Accordingly, the presented patient demonstrated positive prick test results up to a 1:10.000 dilution of enoxaparin suggesting IgE-mediated allergy. The enoxaparin preparation used for skin testing was composed of enoxaparin and aqua without further additives. Further, the observed cross-reactivity throughout a panel of heparin preparations from different manufacturers tested ruled out a causal role of contaminants or preservatives added to some products, such as sodium metabisulfite, benzyl alcohol, or chlorocresol. BAT was proposed as a complementary method for in-vitro diagnosis of heparin allergy [5]. But until now, the results of these authors could not be confirmed by further published data. Moreover, we and other groups with experience in the field of heparin allergy repeatedly failed to detect heparin sensitization by BAT.

Harr et al. diagnosed IgE-mediated allergy to s.c. injected dalteparin by positive skin prick and intradermal tests in a patient with generalised urticaria accompanied by nausea and mild dyspnea. Surprisingly, skin test-negative UFH was tolerated in an i.v. challenge test [6]. Van Zuuren reported of a patient with local urticarial reactions at the injection sites of nadroparin, once followed by generalised urticaria, angioedema and collapse. They reported cross-reactivity with skin-test negative enoxaparin because in a subcutaneous challenge test generalised urticaria developed [7]. Berkun and colleagues referred to a patient with heparin-induced recurrent anaphylaxis during haemodialysis with hypotension and loss of consciousness confirmed by positive intradermal skin testing with UFH and LMWHs. One hour after a heparin-induced anaphylactic episode an elevated serum tryptase level was measured by enzyme-linked immunosorbent assay which returned to normal within 24 hours [8]. Merely historically, allergic anaphylaxis to heparin preparations were attributed to protein contaminants of animal origin during suboptimal production processes, namely with porcine gut-derived heparin preparations [9].

Non-allergic heparin-associated anaphylaxis may be caused by direct histamine release from mast cells and basophils by nonspecific binding of contaminants or indirectly by complement/kinin activation. In 2008, oversulfated chondroitin sulfate and dermatan sulfate could be proven as contaminants of heparin in a series of patients with anaphylactic reactions. Oversulfated chondroitin sulfate activates the kallikrein-kinin system with generation of bradykinin and activation of the potent anaphylatoxins C3a and C5a both leading to anaphylaxis symptoms [4].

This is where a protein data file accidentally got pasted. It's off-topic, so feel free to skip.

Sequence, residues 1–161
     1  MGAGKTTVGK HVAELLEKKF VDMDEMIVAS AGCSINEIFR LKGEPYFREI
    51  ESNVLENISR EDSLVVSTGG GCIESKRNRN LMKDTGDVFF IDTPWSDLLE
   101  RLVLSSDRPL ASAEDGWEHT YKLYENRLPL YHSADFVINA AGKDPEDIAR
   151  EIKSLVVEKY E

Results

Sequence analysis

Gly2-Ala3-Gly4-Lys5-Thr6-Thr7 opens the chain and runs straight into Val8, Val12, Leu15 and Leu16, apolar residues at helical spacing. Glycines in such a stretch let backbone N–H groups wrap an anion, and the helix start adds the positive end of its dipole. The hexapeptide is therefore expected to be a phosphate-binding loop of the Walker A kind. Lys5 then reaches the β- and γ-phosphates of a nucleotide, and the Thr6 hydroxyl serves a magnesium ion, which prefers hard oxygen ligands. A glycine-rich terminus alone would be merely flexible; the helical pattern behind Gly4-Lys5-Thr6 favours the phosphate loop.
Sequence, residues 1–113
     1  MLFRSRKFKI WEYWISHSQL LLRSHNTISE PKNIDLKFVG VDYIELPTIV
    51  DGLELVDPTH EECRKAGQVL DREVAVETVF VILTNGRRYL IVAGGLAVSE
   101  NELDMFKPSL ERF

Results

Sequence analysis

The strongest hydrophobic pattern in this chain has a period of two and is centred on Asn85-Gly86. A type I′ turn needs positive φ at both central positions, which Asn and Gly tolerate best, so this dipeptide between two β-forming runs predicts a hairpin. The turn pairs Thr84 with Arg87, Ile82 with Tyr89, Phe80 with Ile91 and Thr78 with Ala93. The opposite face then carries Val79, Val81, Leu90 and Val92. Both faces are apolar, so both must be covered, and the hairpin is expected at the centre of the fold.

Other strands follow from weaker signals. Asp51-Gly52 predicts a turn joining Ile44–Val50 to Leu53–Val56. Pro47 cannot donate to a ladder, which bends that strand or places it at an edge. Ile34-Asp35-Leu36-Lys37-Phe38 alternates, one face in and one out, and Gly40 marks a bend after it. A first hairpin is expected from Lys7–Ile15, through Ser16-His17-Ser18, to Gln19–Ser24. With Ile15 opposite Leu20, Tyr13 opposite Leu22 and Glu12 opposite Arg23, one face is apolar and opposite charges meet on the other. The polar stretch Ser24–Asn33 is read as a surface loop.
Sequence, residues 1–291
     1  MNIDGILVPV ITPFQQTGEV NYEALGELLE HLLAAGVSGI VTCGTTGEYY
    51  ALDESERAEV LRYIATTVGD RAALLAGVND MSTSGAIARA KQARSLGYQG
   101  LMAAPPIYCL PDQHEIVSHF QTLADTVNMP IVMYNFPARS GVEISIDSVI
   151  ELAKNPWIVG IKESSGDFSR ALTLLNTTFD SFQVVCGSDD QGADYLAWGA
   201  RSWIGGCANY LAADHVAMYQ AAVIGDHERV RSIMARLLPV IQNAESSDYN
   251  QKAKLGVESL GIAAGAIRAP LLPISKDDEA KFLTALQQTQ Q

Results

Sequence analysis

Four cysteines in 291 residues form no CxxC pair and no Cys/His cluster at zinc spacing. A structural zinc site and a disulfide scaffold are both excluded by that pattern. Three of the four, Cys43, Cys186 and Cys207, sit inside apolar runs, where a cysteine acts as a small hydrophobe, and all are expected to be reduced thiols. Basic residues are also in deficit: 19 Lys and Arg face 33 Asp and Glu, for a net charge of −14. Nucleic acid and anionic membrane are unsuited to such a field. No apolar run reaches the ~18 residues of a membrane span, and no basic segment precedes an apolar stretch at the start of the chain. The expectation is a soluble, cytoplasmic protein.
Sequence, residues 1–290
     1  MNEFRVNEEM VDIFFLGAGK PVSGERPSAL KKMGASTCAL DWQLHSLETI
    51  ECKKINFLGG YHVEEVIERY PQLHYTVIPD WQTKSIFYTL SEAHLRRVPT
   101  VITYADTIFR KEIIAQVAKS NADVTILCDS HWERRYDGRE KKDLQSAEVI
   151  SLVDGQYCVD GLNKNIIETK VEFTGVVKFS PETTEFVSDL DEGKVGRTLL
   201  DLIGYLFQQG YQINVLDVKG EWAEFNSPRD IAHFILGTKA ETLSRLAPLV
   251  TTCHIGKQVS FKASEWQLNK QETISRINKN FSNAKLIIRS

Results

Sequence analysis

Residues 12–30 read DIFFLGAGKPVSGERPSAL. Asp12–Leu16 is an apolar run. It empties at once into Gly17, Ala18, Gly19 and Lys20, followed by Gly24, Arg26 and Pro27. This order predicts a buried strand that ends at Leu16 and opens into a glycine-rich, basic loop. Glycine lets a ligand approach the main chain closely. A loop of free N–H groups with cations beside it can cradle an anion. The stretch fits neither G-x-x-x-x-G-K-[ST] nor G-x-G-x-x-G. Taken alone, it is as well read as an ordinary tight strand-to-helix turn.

In case of therapeutic necessity for immediate anticoagulation in our patient strict avoidance of all heparins is mandatory. Alternatively, he could receive hirudins or direct thrombin inhibitors both exhibiting a complete different molecular structure compared with the heparin-polysaccharides. Argatroban as a competitive inhibitor of thrombin is a small molecule with a molecular weight of 500 kDa. It is administered as continuous i.v. infusion resulting in a plasma half-life of 45 minutes, which could be monitored by the thromboplastin time. It is licensed for treatment and prevention of thrombosis associated to HIT and for anticoagulation during percutaneous coronary interventions when heparin is contraindicated [1]. Dabigatran is an orally taken direct thrombin inhibitor approved for prophylaxis of deep vein thrombosis after total hip and total knee arthroplasty. Recently, the approval was expanded for the prevention of stroke in patients with atrial fibrillation [10].

Here we reported an extremely rare case of heparin-induced anaphylaxis assured by skin prick testing up to impressively very high heparin dilutions. Additionally, rather broad cross-reactivity between available polysaccharide-anticoagulants, such as UFH, LMWHs and heparinoids, was observed. In such a situation beneath hirudins the recently approved direct thrombin inhibitors argatroban or dagibatran are potential alternatives because of their completely different chemical structure.

This publication was funded by the German Research Foundation (DFG) and the University of Wuerzburg in the funding program Open Access Publishing.

Consent

Written informed consent was obtained from the patient for publication of this case report and any accompanying images. A copy of the written consent is available for review by the Editor-in-Chief of this journal.

Abbreviations

(UFH): Unfractionated heparin; (LMWHs): Low-molecular-weight heparins; (DTH): Delayed-type hypersensitivity; (mm Hg): Millimetre of mercury; (BAT): Basophil activation test; (ppm): Parts per million; (kDa): Kilo Dalton.

Competing interest

The authors declare that they have no competing interests.

Authors’ contributions

AT designed the allergological work-up and supervised the interpretation of the data. DA performed the allergological work-up, composed and finalised the manuscript. Both authors revised and approved the manuscript finally.